Saturday, 20 December 2014

Human Rights

Rights Worker Questioned in Ongoing Secessionist Crackdown

Chan Soveth, a prominent rights investigator who appeared before the Phnom Penh Municipal Court on Monday was released with conditions and is not allowed to leave the country. A rights worker says he wants to see the same thing happen in the jailing of Beehive Radio owner Mam Sonando, who is serving a 20-year sentence on charges related to sedition that rights workers say are dubious.Chan Soveth, a prominent rights investigator who appeared before the Phnom Penh Municipal Court on Monday was released with conditions and is not allowed to leave the country. A rights worker says he wants to see the same thing happen in the jailing of Beehive Radio owner Mam Sonando, who is serving a 20-year sentence on charges related to sedition that rights workers say are dubious.
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Chan Soveth, a prominent rights investigator who appeared before the Phnom Penh Municipal Court on Monday was released with conditions and is not allowed to leave the country. A rights worker says he wants to see the same thing happen in the jailing of Beehive Radio owner Mam Sonando, who is serving a 20-year sentence on charges related to sedition that rights workers say are dubious.
Chan Soveth, a prominent rights investigator who appeared before the Phnom Penh Municipal Court on Monday was released with conditions and is not allowed to leave the country. A rights worker says he wants to see the same thing happen in the jailing of Beehive Radio owner Mam Sonando, who is serving a 20-year sentence on charges related to sedition that rights workers say are dubious.
Heng ReaksmeySay Mony
Chan Soveth, a prominent rights investigator who appeared before the Phnom Penh Municipal Court on Monday was released with conditions and is not allowed to leave the country, rights workers said.
 
Chan Soveth has been charged with abetting the escape of several suspects in a security crackdown in Kratie province earlier this year.
 
Rights groups have said he is being targeted for his advocacy work. But police say he helped several men escape who were wanted in connection with an alleged secessionist plot that has already landed a prominent radio station owner, Mam Sonando, in jail.
 
Chan Soveth, who was accompanied to the court Monday by officials from the US Embassy, was released after questioning.
 
He did not speak to journalists following the hearing, and court officials could not immediately be reached for comment.
 
Housing and rights activists gathered outside the court Monday, calling for the charges against him to be dropped.
 
Tep Vanny, an outspoken housing rights activist from the Boeung Kak community, said Chan Soveth should not have been charged at all.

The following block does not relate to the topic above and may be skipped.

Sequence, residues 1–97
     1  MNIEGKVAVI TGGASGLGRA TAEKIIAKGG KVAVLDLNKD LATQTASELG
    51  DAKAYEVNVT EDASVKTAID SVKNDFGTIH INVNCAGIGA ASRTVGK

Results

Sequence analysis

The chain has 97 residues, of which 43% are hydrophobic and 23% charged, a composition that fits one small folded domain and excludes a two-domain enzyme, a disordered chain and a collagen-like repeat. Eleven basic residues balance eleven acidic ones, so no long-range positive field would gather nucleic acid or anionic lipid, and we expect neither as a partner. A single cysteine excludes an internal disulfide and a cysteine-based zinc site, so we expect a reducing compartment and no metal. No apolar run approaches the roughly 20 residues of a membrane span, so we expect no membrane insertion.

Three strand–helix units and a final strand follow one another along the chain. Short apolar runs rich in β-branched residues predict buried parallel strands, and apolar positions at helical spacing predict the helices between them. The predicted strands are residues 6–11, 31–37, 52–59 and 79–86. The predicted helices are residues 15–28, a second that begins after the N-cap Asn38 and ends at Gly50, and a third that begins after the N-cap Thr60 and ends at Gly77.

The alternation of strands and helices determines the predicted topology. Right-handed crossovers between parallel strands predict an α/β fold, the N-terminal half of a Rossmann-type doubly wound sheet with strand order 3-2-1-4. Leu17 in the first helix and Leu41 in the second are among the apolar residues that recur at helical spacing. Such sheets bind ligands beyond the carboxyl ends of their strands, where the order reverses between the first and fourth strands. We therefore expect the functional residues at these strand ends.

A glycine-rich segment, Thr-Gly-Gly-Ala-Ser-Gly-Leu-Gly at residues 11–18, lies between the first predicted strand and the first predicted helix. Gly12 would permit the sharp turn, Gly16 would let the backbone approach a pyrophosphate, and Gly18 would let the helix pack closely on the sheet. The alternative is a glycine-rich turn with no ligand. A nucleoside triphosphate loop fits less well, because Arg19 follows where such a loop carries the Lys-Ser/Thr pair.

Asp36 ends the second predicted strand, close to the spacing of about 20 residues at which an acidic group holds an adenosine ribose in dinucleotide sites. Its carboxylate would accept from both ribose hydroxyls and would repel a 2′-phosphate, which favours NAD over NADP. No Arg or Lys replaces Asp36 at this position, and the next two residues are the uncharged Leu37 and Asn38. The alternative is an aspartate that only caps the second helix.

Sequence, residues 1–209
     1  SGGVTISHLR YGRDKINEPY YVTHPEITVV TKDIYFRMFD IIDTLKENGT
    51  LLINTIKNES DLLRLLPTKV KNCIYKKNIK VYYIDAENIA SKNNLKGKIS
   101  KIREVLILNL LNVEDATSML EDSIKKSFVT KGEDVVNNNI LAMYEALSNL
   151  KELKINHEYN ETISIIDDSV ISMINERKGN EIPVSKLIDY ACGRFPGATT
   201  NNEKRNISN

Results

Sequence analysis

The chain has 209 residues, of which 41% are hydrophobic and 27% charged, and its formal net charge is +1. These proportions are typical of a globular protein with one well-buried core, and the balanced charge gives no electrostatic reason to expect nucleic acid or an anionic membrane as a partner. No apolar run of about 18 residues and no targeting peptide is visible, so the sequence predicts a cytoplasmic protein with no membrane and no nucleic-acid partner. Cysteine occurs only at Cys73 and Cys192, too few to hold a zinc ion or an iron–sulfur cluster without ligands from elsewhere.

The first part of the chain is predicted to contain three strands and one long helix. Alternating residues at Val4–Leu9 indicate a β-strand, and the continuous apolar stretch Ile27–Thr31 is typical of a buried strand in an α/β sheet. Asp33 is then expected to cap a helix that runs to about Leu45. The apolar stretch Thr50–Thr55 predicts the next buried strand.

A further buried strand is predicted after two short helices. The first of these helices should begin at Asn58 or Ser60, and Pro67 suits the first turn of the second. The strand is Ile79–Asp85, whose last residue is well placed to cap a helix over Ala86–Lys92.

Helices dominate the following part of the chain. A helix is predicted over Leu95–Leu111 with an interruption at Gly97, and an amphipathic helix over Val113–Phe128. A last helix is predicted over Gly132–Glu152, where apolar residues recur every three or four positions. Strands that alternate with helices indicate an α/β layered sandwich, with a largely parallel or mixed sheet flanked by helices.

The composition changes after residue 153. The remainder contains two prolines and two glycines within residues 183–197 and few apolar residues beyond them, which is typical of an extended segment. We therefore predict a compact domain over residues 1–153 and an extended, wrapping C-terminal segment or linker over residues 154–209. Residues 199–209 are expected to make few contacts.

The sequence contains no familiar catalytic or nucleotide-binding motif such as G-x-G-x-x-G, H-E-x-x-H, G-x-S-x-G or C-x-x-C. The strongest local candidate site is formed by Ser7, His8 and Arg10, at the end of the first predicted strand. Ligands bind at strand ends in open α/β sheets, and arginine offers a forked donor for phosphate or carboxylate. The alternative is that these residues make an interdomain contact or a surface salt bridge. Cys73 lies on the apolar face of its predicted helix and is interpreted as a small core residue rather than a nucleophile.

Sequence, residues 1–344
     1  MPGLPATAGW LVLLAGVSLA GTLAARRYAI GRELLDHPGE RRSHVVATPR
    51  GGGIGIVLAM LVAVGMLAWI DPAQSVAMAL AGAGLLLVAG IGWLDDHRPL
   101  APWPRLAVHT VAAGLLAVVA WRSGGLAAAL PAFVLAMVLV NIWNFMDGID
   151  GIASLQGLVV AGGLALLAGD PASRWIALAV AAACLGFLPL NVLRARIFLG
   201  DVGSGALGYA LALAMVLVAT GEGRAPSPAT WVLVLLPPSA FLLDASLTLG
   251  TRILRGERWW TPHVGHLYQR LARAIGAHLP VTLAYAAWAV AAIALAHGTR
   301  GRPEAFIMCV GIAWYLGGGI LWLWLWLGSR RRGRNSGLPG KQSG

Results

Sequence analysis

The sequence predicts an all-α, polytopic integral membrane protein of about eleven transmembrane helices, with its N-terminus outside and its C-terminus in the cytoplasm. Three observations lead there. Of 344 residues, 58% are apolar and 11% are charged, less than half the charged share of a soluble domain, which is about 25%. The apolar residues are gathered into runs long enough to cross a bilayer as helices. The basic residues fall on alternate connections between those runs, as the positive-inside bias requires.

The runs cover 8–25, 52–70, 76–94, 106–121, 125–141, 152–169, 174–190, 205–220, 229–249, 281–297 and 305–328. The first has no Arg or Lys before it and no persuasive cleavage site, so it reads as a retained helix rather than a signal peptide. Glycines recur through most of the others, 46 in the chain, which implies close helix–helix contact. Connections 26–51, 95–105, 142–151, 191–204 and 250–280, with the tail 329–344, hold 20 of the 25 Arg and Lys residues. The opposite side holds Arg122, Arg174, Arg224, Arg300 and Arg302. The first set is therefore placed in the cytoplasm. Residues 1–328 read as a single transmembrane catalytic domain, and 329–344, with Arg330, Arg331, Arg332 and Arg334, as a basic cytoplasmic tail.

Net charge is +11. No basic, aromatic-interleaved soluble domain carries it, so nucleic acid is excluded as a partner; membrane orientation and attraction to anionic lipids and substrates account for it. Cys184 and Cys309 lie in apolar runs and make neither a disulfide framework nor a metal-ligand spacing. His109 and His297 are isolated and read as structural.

“He committed no wrongdoing, because he was only concerned with human rights violations,” she told VOA Khmer.
 
Thun Saray, Adhoc’s president, told reporters after the hearing that the court put conditions on Chan Soveth not to leave the country. He will likely be summoned before judges again, Thun Saray said, though he did not have details.
 
Thun Saray said it was unclear what would happen next, but that Chan Sovath would appeal to have the charges against him dropped.
 
Yeng Vireak, president of the Community Legal Education Center, said the decision of the court not to detain Chan Soveth was a positive sign for Cambodia’s mistrusted judiciary.
 
However, Yeng Vireak said he would like to see the same thing happen in the jailing of Beehive Radio owner Mam Sonando, who is serving a 20-year sentence on charges related to sedition that rights workers say are dubious.
 
Beehive Radio is one of the few remaining independent broadcasters in the country, carrying programming by the Voice of America, Radio Free Asia and others—but Mam Sonando has come under direct criticism by Hun Sen, after he criticized the prime minister.
 
The summons of Chan Soveth also appears to be related to a public speech given by Prime Minister Hun Sen, in which he accused an unnamed rights worker of aiding a man named Bun Rotha, who has been implicated in the same alleged secessionist plot as Mam Sonando.
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Hunting for Wild Honey in Cambodia's Forestsi
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17 December 2014
Cambodia is thought to produce the best wild honey in Southeast Asia, mainly due to its climate and topography. Most of it is harvested informally and sold cheaply at local village markets. Now, one company is helping some of the country's poorest people by employing them to hunt for honey, then selling it commercially. (AP, Koh Kong)

English with Mani & Mori

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You've Got To Be Kidding (Movie: Bedtime Stories)i
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01 December 2014
You can say, "What? You lost your passport? So, you're stranded in a foreign country, where you don't speak the language and you don't know anyone? You've got to be kidding me, right?" What does it mean? Watch here. For more videos - go to www.youtube.com/KhmerSpecialEnglish. To contact Mani & Mori - write to them at maniandmori@gmail.com.
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Video You've Got To Be Kidding (Movie: Bedtime Stories)

You can say, "What? You lost your passport? So, you're stranded in a foreign country, where you don't speak the language and you don't know anyone? You've got to be kidding me, right?" What does it mean? Watch here. For more videos - go to youtube.com/KhmerSpecialEnglish.
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